Take that chilly-sounding gateway, the Marble Arch, as a point de depart for a walk some idle afternoon, and I will show you what I found the day I turned my back on it. It looks as bored by its inactivity as Theophile Gautier’s Obelisque ; perhaps it regrets the days when it faced Buckingham Palace and feels it came down in the world when it was moved to its present position some seventy years ago.
And that, too, is another indignity. Very many people ask why the Marble Arch is stranded all by itself, like a rock from which the flood has receded. The reason is as simple as most utilitarian things. The press of traffic at the Marble Arch was so great that the space had to be widened. It would have been too costly a matter to move the Marble Arch back, so the park railings were moved and the Arch left high and dry, no longer a gateway but only an object of interest.
I grant you that at first sight the Oxford Street and Holborn of today have a blatantly modern look. There is little to remind one in the kaleidoscopic vista of badly-dressed shop windows, gaudy buildings and dingy offices, that Roman soldiers once tramped along this very road. It took about a thousand years from the time that Agricola recalled his Roman legions from England for the discomfort of the Holborn mudholes to become unendurable, and for Henry V. to follow in 1417 the earlier example of his French confrere Philippe Auguste and cause the king’s highway to be paved at his expense. The paving does not seem to have been kept in good repair, for the garrulous Pepys says, 25o years later, that the king’s coach was overturned in Holborn.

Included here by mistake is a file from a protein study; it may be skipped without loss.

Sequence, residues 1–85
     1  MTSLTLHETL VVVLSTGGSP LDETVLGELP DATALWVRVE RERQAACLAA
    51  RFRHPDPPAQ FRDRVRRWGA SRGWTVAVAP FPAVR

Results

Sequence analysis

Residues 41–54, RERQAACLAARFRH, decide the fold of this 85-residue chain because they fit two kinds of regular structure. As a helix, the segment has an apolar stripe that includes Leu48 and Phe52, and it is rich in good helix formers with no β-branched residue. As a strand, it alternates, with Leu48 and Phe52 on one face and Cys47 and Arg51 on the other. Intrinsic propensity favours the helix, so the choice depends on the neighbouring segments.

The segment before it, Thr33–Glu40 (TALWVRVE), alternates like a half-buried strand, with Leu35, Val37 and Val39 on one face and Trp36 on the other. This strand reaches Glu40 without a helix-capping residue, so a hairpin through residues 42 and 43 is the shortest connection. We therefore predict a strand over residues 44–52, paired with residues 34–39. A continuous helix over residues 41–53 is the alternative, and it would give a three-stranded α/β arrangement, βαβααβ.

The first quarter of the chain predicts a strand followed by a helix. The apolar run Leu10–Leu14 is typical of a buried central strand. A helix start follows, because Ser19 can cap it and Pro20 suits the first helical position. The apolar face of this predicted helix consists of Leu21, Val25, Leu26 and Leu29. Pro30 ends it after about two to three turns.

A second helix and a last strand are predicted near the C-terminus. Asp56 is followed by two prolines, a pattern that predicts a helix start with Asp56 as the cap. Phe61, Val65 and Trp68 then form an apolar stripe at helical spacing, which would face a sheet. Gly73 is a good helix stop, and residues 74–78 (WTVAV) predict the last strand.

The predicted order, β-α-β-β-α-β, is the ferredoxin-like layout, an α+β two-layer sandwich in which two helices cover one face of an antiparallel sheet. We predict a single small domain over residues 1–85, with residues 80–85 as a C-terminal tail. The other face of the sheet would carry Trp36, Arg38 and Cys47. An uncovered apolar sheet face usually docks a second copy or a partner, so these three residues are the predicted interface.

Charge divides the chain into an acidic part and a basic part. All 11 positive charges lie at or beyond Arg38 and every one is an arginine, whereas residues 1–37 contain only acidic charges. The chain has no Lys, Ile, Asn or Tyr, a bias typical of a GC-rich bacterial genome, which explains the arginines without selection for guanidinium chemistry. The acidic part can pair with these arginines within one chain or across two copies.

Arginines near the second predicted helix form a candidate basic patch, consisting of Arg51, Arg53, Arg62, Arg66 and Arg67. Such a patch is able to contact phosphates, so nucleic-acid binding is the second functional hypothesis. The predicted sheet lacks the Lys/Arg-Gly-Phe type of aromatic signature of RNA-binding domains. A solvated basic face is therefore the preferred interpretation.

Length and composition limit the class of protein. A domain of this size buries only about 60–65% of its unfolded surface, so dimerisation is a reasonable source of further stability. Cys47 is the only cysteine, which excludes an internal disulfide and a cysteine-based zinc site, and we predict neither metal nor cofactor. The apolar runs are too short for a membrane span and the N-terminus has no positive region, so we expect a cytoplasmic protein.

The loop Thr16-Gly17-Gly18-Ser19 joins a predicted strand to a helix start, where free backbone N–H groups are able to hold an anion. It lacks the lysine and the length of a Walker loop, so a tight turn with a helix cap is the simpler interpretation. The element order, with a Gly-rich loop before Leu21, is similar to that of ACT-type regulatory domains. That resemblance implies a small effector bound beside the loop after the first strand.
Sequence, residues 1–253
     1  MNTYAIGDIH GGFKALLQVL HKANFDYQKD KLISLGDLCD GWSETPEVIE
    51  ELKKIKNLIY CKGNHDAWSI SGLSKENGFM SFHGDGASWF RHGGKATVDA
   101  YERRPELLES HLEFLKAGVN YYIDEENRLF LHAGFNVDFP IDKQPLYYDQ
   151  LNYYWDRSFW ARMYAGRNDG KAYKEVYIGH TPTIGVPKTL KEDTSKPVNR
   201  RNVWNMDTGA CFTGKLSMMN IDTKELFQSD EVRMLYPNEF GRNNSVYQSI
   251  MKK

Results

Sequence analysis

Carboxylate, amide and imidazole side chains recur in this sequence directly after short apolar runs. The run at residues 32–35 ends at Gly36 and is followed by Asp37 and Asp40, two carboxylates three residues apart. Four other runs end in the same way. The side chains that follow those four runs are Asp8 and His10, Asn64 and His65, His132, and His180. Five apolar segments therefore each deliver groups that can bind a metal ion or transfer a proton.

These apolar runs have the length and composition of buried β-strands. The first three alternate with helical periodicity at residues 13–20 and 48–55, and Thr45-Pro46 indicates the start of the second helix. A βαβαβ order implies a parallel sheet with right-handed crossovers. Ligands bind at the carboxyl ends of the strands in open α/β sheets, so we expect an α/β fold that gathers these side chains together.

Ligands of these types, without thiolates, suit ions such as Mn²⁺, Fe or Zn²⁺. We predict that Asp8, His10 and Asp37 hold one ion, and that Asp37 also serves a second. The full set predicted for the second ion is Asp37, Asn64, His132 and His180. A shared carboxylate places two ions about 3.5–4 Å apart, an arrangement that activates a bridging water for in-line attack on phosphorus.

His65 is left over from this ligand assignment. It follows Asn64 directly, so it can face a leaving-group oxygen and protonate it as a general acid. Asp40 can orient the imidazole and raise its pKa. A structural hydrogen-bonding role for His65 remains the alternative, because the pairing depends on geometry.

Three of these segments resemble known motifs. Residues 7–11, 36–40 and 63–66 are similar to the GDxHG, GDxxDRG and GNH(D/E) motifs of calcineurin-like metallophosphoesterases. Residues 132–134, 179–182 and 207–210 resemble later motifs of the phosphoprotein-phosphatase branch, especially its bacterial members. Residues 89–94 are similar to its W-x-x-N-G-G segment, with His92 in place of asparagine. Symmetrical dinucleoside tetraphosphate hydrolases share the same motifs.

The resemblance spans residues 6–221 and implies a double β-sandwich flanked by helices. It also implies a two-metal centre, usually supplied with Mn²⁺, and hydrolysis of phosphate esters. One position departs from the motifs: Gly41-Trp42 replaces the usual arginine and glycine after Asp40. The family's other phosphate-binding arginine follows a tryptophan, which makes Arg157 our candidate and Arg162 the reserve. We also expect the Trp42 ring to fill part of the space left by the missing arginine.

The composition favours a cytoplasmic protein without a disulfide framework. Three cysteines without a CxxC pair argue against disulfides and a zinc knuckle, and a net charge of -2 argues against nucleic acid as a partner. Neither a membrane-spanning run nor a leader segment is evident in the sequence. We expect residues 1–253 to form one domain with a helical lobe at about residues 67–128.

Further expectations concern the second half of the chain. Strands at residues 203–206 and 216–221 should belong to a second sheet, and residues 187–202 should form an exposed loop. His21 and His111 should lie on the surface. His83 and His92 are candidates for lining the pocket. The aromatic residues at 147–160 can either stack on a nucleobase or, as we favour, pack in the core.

Travellers along Holborn, at the other end of the social scale, shared in the royal benefit, for from 1196 to 1783 condemned criminals were brought in carts from Newgate Prison to Tyburn Tree. Everyone has heard of the famous gallows, but few people know that the exact spot where it stood is marked today by a triangular stone set in the roadway, almost opposite the beginning of the Edgware Road. A bronze plate on the railings of the Park, on the other side of the road, commemorates the fact, but if both stone and plate elude you, the friendly policeman who is always on duty here will point them out.
From the Marble Arch to Holborn there is nothing to look at but interminable shops till you come to the quaint old houses of Staple Inn, as disdainfully out of keeping with their vulgar surroundings as an orchid would be in an onion bed.